The second method we used to account for foreground/background contamination was to use the unedited sky-subtracted image and determined an average “sky” value around the galaxy that included the foreground/background component. This statistically corrects for interlopers, and assumes that the fields around the galaxy represent the contamination across the galaxy itself. The problem with this method is that a given annulus in the surface photometry might not contain an exactly representative amount of light from extraneous objects, and a single foreground star or background object in the faint, outer parts of the galaxies can severely affect the surface photometry. For this reason, we prefer the surface photometry obtained with the first method of editing contamination from the images, but we applied both methods. In fact the two methods produced similar results. The comparison is shown in Figures 6 and 7 for the -band and GALEX NUV photometry, respectively. The surface photometry is cut off where there is a large jump in the uncertainty, usually around 1 magnitude arcsec.
Because dIm galaxies are lumpy, we determined the center of the galaxy, position angle (P.A.), and ellipticity from an outer isophote in a contour plot of a smoothed version of the image. Then we integrated the photometry in fixed ellipses that increase in semi-major axis length. The step size is given in Table 2, and was chosen to be 150 pc and, as seen by eye, to cover a sufficient area of the galaxy to average over the most severe local fluctuations. We geometrically matched the continuum-subtracted H images to the -band images and applied the same ellipse integrations. The outer most ellipse is shown superposed on the , NUV, and H images in Figures 1 through 5.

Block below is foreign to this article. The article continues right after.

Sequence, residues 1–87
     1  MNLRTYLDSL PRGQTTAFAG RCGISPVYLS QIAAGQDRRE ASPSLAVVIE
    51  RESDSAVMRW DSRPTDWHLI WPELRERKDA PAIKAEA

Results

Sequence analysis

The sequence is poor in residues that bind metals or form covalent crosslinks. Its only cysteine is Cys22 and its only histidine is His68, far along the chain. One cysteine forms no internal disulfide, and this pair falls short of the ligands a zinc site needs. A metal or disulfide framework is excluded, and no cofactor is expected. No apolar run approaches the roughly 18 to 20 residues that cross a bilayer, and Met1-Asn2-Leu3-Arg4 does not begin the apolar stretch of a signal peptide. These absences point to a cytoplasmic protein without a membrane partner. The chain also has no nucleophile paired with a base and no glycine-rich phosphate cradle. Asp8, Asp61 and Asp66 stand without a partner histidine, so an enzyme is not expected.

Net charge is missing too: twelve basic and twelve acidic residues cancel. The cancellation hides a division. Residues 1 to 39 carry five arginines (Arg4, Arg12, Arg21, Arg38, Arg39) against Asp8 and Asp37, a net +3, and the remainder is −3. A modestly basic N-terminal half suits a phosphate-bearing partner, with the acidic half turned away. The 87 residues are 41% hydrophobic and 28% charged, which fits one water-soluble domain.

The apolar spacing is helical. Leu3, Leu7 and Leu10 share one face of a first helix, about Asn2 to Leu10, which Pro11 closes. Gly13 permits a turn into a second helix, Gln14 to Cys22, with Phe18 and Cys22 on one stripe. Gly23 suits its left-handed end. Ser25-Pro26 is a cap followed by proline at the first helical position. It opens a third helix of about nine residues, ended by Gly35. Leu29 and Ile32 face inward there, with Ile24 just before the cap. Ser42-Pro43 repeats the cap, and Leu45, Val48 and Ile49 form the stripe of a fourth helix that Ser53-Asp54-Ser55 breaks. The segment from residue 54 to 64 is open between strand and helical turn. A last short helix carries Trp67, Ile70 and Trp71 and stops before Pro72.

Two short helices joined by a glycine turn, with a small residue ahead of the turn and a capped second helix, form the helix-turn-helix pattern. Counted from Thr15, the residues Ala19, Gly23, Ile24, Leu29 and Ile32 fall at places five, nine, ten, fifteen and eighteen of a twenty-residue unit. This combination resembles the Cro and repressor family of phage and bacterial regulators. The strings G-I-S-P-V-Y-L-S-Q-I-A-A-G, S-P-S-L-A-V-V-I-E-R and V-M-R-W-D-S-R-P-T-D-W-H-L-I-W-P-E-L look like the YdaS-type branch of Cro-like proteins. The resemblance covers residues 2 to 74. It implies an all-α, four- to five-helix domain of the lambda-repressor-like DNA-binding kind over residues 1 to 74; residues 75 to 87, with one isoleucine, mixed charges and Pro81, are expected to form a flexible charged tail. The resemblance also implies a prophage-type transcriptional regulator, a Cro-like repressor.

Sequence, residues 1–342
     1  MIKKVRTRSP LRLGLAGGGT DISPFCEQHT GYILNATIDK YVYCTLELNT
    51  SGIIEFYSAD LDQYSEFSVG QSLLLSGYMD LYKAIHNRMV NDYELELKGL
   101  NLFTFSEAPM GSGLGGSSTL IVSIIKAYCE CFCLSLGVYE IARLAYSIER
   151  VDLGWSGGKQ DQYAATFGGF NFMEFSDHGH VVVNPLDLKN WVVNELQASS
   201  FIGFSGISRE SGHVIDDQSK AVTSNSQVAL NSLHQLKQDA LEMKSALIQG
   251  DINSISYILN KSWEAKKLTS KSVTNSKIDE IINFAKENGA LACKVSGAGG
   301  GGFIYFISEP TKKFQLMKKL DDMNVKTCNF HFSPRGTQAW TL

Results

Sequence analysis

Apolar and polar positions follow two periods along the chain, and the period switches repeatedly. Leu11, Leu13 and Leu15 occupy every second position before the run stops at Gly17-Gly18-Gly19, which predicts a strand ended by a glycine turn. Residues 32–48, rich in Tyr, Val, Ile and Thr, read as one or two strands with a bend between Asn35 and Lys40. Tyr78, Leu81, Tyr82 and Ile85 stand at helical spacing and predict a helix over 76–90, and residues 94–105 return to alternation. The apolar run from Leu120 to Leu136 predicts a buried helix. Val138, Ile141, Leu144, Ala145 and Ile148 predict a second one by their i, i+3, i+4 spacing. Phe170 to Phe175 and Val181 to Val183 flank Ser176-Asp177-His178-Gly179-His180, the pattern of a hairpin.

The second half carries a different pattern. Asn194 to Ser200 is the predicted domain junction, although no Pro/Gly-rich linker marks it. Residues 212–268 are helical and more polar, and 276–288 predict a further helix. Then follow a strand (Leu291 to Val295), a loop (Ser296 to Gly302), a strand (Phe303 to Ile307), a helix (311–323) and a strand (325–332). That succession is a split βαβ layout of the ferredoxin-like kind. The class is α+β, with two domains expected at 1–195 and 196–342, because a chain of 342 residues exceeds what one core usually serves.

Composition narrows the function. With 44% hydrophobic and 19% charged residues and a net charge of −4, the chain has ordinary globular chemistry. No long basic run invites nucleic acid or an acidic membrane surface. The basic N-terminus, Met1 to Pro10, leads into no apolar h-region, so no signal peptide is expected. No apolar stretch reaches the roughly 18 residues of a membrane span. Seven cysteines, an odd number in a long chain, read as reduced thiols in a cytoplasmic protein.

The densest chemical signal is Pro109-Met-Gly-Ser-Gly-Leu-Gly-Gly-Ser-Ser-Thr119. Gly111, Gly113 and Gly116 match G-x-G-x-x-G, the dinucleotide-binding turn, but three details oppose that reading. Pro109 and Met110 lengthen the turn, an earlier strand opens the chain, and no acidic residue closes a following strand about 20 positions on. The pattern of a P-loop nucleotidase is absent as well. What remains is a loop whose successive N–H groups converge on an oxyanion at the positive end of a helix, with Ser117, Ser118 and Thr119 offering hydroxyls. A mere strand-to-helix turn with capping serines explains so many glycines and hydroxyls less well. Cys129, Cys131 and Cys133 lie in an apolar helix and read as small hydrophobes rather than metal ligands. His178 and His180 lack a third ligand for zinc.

We corrected the photometry for reddening using the foreground reddening, given in Table 1, plus 0.05 mag in E() for internal reddening in and and 0.1 mag in E() for internal reddening in H. This level of internal reddening is consistent with measurements of the Balmer decrement in Hii regions in a sample of 39 dIm galaxies (Hunter & Hoffman 1999). There, the average reddening in Hii regions is 0.1, and we have taken half this to represent the stars outside of Hii regions. We used the Cardelli et al. (1989) extinction curve.
We used a single extinction correction for all radii within each galaxy. This is justified by the lack of metallicity gradients in dwarfs (see, for example, Croxall et al. 2009) and the correlation between metallicity and attenuation seen in spirals (Boissier et al. 2007). On the other hand, little is known about the outer disks of dwarfs, beyond where H emission is no longer detected, although there are some hints of dust emission even there (see, for example, Hinz et al. 2006). Boissier et al., based on IRAS observations, suggest that there is no attenuation in the outer disks of two dwarfs (IC1613, WLM), but uncertainties are large due to low IRAS fluxes.